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    Thanks for your replies, Yeh I have had a look through the other threads and I think the general consensus is that doing an access course will limit options compared to A levels. I'm lucky as I get a lot of time at work which I could utilise as study time. I just hope my brain hasn't turned to mush!

    I have seen how much work experience some of the unis require and have therefore attempted to get some. However, no where will accept me until I'm enrolled at an institution.

    Does anyone know if distance learning A levels cling as being enrolled? I called up the company I'm planning to start with and they had no idea. Although the man on the phone was about as friendly as a rock!
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    (Original post by jade.b)
    Thanks for your replies, Yeh I have had a look through the other threads and I think the general consensus is that doing an access course will limit options compared to A levels. I'm lucky as I get a lot of time at work which I could utilise as study time. I just hope my brain hasn't turned to mush!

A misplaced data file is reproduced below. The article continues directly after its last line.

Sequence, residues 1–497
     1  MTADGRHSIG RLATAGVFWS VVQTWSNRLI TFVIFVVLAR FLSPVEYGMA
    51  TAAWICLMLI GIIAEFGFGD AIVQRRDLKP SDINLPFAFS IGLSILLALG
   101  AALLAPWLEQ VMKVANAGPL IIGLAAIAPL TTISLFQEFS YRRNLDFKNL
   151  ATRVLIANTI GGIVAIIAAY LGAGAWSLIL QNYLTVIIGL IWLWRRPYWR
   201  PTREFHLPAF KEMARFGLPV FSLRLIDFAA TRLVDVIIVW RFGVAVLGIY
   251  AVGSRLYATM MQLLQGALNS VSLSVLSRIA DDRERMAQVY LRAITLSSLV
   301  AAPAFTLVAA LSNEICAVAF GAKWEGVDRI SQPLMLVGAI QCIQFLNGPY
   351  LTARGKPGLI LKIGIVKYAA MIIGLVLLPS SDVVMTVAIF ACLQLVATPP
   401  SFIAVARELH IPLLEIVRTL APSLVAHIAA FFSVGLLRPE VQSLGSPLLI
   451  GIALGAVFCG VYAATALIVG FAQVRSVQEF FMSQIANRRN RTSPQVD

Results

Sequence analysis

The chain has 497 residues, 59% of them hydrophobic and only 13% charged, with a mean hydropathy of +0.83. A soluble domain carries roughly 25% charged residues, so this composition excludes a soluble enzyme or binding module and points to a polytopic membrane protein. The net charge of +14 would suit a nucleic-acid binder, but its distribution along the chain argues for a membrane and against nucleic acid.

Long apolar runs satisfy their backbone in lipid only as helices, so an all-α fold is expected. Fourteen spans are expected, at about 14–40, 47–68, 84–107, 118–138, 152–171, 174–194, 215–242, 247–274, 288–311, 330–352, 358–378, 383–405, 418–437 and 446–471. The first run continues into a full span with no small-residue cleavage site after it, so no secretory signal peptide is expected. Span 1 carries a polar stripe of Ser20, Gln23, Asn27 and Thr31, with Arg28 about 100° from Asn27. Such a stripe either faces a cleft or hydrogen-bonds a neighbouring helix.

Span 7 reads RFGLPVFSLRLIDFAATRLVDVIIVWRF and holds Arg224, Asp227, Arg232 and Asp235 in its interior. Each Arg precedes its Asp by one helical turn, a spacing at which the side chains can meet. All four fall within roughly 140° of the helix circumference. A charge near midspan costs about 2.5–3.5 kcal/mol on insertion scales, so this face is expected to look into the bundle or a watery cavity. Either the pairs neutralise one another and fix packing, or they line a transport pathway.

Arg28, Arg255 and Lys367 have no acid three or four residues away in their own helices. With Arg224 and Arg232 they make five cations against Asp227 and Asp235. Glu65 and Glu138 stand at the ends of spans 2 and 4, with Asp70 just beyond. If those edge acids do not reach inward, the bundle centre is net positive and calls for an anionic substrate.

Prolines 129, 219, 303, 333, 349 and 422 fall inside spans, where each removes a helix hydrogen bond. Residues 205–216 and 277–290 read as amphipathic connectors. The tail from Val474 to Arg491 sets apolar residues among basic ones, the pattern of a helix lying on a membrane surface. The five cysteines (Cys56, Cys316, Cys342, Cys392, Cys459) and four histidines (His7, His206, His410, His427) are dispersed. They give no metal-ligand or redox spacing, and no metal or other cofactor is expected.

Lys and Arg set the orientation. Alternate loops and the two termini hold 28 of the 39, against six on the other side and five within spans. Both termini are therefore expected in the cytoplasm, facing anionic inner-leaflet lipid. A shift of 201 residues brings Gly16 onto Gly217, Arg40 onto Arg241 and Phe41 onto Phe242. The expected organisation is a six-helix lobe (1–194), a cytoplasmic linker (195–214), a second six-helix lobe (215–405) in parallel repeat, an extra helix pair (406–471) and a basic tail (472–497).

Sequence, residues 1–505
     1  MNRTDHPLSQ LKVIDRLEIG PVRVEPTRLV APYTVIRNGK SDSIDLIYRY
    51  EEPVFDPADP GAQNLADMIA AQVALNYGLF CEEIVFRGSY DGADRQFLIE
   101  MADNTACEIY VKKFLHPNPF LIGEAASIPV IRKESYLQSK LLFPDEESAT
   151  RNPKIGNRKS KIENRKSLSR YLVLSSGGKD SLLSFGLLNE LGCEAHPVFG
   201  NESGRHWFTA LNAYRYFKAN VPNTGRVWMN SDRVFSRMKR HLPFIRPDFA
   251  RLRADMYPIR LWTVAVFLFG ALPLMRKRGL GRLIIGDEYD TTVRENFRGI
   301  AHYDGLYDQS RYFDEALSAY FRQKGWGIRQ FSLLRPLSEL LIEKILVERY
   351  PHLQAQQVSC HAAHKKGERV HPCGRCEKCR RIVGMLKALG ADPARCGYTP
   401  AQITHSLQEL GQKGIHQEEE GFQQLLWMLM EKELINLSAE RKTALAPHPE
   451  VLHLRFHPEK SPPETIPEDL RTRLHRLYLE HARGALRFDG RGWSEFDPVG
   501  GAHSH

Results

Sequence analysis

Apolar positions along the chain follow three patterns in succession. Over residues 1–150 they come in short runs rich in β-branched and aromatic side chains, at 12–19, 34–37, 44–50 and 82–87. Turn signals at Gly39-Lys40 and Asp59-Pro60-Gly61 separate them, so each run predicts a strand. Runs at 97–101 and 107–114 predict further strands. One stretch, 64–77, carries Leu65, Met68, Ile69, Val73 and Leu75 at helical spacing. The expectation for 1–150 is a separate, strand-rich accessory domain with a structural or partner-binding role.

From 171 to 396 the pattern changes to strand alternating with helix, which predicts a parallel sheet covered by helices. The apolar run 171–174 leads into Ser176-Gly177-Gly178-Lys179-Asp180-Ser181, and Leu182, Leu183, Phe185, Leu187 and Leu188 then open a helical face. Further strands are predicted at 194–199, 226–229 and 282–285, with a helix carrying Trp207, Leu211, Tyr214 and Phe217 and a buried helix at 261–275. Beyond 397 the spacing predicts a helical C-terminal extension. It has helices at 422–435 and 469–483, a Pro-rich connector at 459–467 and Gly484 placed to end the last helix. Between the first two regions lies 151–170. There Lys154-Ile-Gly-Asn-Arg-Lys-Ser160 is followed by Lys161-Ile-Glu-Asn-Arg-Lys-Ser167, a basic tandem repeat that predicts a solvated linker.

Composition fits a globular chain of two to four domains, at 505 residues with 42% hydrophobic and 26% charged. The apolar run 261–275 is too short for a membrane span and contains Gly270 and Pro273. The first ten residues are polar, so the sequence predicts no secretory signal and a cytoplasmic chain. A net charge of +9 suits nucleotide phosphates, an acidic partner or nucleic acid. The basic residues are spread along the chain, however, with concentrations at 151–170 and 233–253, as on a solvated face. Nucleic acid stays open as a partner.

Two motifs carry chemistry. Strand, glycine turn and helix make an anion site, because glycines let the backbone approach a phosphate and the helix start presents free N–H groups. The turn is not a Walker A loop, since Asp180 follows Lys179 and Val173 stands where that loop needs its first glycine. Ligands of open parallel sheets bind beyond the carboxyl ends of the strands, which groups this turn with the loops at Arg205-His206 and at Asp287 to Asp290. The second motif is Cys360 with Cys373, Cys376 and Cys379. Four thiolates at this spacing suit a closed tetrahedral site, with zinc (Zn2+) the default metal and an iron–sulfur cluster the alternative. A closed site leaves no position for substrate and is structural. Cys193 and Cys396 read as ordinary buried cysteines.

I have seen how much work experience some of the unis require and have therefore attempted to get some. However, no where will accept me until I'm enrolled at an institution.

    Does anyone know if distance learning A levels cling as being enrolled? I called up the company I'm planning to start with and they had no idea. Although the man on the phone was about as friendly as a rock!
    You're considered a mature student if you're over the age of 21, not just people that have had a degree. I'm considered a mature student as I'm 27 (I don't have a previous degree).

    I personally recommend doing A-levels. I was in the same situation as you are before vet school. I always felt that if I did an access course I would limit the number of unis I could apply to. However, If you want to take your chances then go for it. Personally I only know 2 people in my year that had access courses.